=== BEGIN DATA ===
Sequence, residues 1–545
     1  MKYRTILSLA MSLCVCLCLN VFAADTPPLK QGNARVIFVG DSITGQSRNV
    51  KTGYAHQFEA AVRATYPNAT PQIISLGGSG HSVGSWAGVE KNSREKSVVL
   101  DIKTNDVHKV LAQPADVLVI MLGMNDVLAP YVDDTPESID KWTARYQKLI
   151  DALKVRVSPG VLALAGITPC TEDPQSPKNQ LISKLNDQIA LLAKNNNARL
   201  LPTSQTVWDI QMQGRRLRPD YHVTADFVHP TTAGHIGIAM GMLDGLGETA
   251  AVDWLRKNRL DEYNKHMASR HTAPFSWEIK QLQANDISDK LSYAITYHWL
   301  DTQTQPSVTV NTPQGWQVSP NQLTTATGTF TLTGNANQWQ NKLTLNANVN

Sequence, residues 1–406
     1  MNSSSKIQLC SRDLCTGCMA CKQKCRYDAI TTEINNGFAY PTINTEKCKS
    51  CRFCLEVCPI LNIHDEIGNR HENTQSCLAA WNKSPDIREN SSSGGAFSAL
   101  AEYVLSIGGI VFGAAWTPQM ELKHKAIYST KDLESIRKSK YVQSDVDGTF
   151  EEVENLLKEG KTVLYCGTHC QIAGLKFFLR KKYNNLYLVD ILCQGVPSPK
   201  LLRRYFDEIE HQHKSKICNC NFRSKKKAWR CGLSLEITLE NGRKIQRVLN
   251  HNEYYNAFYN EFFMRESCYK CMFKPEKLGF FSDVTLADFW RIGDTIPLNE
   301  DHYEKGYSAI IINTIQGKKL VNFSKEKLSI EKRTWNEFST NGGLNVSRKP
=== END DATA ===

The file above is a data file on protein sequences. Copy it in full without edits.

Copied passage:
Sequence, residues 1–545
     1  MKYRTILSLA MSLCVCLCLN VFAADTPPLK QGNARVIFVG DSITGQSRNV
    51  KTGYAHQFEA AVRATYPNAT PQIISLGGSG HSVGSWAGVE KNSREKSVVL
   101  DIKTNDVHKV LAQPADVLVI MLGMNDVLAP YVDDTPESID KWTARYQKLI
   151  DALKVRVSPG VLALAGITPC TEDPQSPKNQ LISKLNDQIA LLAKNNNARL
   201  LPTSQTVWDI QMQGRRLRPD YHVTADFVHP TTAGHIGIAM GMLDGLGETA
   251  AVDWLRKNRL DEYNKHMASR HTAPFSWEIK QLQANDISDK LSYAITYHWL
   301  DTQTQPSVTV NTPQGWQVSP NQLTTATGTF TLTGNANQWQ NKLTLNANVN

Sequence, residues 1–406
     1  MNSSSKIQLC SRDLCTGCMA CKQKCRYDAI TTEINNGFAY PTINTEKCKS
    51  CRFCLEVCPI LNIHDEIGNR HENTQSCLAA WNKSPDIREN SSSGGAFSAL
   101  AEYVLSIGGI VFGAAWTPQM ELKHKAIYST KDLESIRKSK YVQSDVDGTF
   151  EEVENLLKEG KTVLYCGTHC QIAGLKFFLR KKYNNLYLVD ILCQGVPSPK
   201  LLRRYFDEIE HQHKSKICNC NFRSKKKAWR CGLSLEITLE NGRKIQRVLN
   251  HNEYYNAFYN EFFMRESCYK CMFKPEKLGF FSDVTLADFW RIGDTIPLNE
   301  DHYEKGYSAI IINTIQGKKL VNFSKEKLSI EKRTWNEFST NGGLNVSRKP